Iran expanding nuclear enrichment capacity and stockpiles

Reuters

International Atomic Energy Agency (IAEA)'s chief inspector Herman Nackaerts and Iran's IAEA ambassador Ali Asghar Soltanieh (R) brief the media after a meeting at the Iranian embassy in Vienna August 24, 2012. Talks between the United Nations' nuclear watchdog and Iran aimed at resolving concerns about Tehran's atomic programme broke up on Friday without an agreement, and a senior U.N. official said no further talks were scheduled.

 

The International Atomic Energy Agency’s (IAEA) latest report on Iran’s known nuclear facilities highlights the regime’s progressing and undeterred pursuit of a nuclear weapons capability. Iran’s continued production of low-enriched uranium is increasing the feedstock available for rapid conversion to nuclear weapons fuel. Its significant, unexpected expansion of the buried enrichment facility at Fordow in the last three months will further reduce the time needed to produce this fuel. These advances demonstrate that various policy declarations, negotiations, and increasing sanctions have not halted Iran’s nuclear weapons program and its progress toward a faster breakout capability.

Iran has increased its stockpiles of both civilian reactor-grade (<5%) and research reactor-grade (near-20%) low-enriched uranium fuel while installing additional centrifuges for enrichment at the more hardened Fordow facility. Civilian reactor-grade fuel is 75% of the way to weapons-grade material; research reactor-grade fuel is 90% of the way to weapons-grade fuel. The growing stockpiles of both types are increasing the number of bombs Iran could fuel while simultaneously reducing the amount of additional time and effort needed for weapons fuel production (the most difficult step in developing an atomic bomb).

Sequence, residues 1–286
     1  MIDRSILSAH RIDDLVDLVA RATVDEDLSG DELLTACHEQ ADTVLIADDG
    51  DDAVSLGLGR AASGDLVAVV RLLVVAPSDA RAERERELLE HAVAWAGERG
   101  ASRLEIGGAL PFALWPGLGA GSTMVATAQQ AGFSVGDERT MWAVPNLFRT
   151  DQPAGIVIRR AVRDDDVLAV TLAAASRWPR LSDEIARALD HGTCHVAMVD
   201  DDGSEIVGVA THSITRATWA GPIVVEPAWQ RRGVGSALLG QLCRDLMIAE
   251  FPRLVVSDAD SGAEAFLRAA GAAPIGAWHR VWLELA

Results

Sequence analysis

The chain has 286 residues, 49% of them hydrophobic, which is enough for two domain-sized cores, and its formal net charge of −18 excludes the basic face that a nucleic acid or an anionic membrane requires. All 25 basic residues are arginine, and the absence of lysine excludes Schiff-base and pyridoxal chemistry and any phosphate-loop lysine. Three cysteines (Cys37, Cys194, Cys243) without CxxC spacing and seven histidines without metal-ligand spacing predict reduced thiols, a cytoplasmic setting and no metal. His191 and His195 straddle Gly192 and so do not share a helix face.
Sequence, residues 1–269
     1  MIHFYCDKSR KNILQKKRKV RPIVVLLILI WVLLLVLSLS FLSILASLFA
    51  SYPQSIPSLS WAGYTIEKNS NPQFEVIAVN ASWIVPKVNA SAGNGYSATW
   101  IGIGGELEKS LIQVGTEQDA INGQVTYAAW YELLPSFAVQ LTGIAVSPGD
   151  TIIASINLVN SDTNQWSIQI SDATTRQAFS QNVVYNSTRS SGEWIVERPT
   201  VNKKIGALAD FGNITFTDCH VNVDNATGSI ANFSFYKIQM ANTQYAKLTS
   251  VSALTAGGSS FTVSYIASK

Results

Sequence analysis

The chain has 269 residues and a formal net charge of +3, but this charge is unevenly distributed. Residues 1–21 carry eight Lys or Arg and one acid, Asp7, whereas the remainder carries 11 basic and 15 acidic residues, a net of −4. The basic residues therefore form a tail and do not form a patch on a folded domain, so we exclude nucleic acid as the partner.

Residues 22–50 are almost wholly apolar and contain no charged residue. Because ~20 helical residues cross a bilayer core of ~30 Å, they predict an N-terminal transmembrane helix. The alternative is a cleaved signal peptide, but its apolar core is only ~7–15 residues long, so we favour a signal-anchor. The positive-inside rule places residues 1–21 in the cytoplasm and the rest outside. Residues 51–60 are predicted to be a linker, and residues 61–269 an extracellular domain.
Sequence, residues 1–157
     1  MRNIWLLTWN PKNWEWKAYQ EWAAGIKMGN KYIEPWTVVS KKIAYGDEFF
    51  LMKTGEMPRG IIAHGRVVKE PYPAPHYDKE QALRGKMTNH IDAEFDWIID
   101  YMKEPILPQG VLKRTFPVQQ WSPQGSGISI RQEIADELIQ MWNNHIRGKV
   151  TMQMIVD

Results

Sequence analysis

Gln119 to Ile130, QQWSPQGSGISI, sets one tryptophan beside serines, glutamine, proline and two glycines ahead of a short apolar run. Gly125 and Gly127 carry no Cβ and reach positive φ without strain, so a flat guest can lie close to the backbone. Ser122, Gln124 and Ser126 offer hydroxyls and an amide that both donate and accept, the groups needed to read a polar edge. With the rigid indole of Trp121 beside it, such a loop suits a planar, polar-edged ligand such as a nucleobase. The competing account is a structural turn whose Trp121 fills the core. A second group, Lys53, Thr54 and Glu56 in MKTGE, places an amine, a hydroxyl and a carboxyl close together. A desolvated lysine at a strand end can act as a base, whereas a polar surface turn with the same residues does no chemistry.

Please read the full text at Critical Threats.

 

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About the Author

 

Maseh
Zarif
  • Maseh Zarif is the deputy director and Iran research Team Lead for the American Enterprise Institute’s Critical Threats Project. He works on national security issues related to the Middle East and South Asia, with a particular focus on Iran’s nuclear program and its regional activities. He has written for The Wall Street Journal, The Weekly Standard, National Review Online, and Foreign Policy, among others, and has appeared on CNN and Fox. Before joining AEI, he worked for several years in corporate finance as an analyst and a consultant.

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